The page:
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Epidemiology and biostatistics, public health research. GLM, logistic regression, survival analysis, clinical trials.enSat, 20 Dec 2014 20:07:55 GMTvBulletin60http://www.talkstats.com/images/misc/rss.pngStatistics Help @ Talk Stats Forum - Biostatistics
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A dumb question about univariate analysis (repost from applied statistics)
http://www.talkstats.com/showthread.php/58935-A-dumb-question-about-univariate-analysis-(repost-from-applied-statistics)?goto=newpost
Fri, 19 Dec 2014 09:05:42 GMTHello
I'm quite dumb regarding statistics, but i really am looking for a simple answer to a simple question.
the question is: how do i explore data regarding a medium-sized (roughly 50-60) set of continuous variables measured in two group of samples (one "control" and one "test"?)

Let's imagine i have two wines which taste different, and i want to determine why they taste so different.

I take one glass of wine from each of three random bottles of each wine (let's assume the population of bottles of the same wine type is quite homogeneous, but not completely identical) and run each of the 6 taken samples (3 from the "control" wine and 3 from the "test" wine) through a GS-MS mass-spectrometers, and obtain roughly 60 peaks, each one corresponding to a compound present in the wine. Each peak's area is measured, giving a good quantitative measurement of how much of that compound is in each of the 6 samples. Now i have the quantities detected for each compound (obviously each compound measured is in a different scale, and possibly in a different unit, which means that one could be around 100 mg/L and the other could be in the vicinities of 3 mM).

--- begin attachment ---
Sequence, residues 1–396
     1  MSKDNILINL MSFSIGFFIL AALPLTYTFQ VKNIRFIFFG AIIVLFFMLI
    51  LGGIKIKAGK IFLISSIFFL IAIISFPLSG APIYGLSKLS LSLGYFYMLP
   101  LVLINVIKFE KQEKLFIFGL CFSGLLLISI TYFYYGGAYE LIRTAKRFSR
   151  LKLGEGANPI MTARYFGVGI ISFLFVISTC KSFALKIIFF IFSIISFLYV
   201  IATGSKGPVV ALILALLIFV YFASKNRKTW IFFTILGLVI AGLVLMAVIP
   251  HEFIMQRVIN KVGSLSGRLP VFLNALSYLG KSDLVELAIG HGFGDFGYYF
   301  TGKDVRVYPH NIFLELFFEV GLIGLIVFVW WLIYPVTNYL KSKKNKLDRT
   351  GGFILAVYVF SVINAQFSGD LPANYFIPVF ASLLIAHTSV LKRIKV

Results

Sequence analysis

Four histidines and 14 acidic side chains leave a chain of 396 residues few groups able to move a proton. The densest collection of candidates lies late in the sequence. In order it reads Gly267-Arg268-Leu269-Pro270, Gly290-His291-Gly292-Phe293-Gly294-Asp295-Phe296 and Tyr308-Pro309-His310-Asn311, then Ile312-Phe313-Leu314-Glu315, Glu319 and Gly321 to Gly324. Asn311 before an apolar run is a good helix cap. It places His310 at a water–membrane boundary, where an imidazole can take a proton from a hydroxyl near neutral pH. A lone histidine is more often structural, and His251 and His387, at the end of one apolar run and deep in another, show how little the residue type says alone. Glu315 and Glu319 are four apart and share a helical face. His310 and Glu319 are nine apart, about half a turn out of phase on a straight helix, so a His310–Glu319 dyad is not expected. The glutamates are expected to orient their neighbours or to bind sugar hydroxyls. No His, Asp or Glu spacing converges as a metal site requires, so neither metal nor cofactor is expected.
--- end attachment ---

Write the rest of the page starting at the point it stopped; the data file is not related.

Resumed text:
Questions now:
- What statistical tests is suitable to understand if in the "test" wine the the measured compounds are present in different amounts as compared to the "control" wine? That is, how can we compare the means of the two groups for each of the variables tested?
- Is there a free program (preferably with a spreadsheet interface) that i can use to do the test?
- how can i explore the interrelation between variables? For example: is there a simple way(software) to check if increases in one compound are associated with decreases in another?

thank you very much and apologies in advance.
Andrea
]]>BiostatisticsKimbozhttp://www.talkstats.com/showthread.php/58935-A-dumb-question-about-univariate-analysis-(repost-from-applied-statistics)Two-proportion z test: is it best for my problem, and can I pool data?
http://www.talkstats.com/showthread.php/58930-Two-proportion-z-test-is-it-best-for-my-problem-and-can-I-pool-data?goto=newpost
Thu, 18 Dec 2014 21:24:08 GMTI am examining populations (cultures) of yeast cells and scoring them for a particular trait. The data is categorical; within a population, a yeast...I am examining populations (cultures) of yeast cells and scoring them for a particular trait. The data is categorical; within a population, a yeast cell either has the trait or it does not. I wish to compare two populations -- two genetically different strains of yeast -- to see whether there are differences in the proportion of of cells with the trait.

First question: would a two-proportion z test be the way to go here?

Second question: If so, in all of the examples I’ve seen the samples are taken from one “replicate” of each population. Working with yeast, I can set up multiple independent populations (cultures) for each particular strain (in my experiment I sampled four independent cultures for each of the two strains I examined -- scoring several million cells in each sample). Obviously in humans or many other populations such “replicates” are not possible. But for me they are. So my question is this: do you think it is valid to pool the data from all four replicates of each population? Or would it be best to show the calculation from one “representative” population for each?

I am not a statistician nor do I have good tools beyond Excel to do these calculations, so I am looking for a robust yet manageable approach to analyze my data. I can handle a Z test if that is the way to go, but if it's not a valid approach I would love to hear alternatives!

Thank you in advance!
]]>Biostatisticsdmcameronhttp://www.talkstats.com/showthread.php/58930-Two-proportion-z-test-is-it-best-for-my-problem-and-can-I-pool-data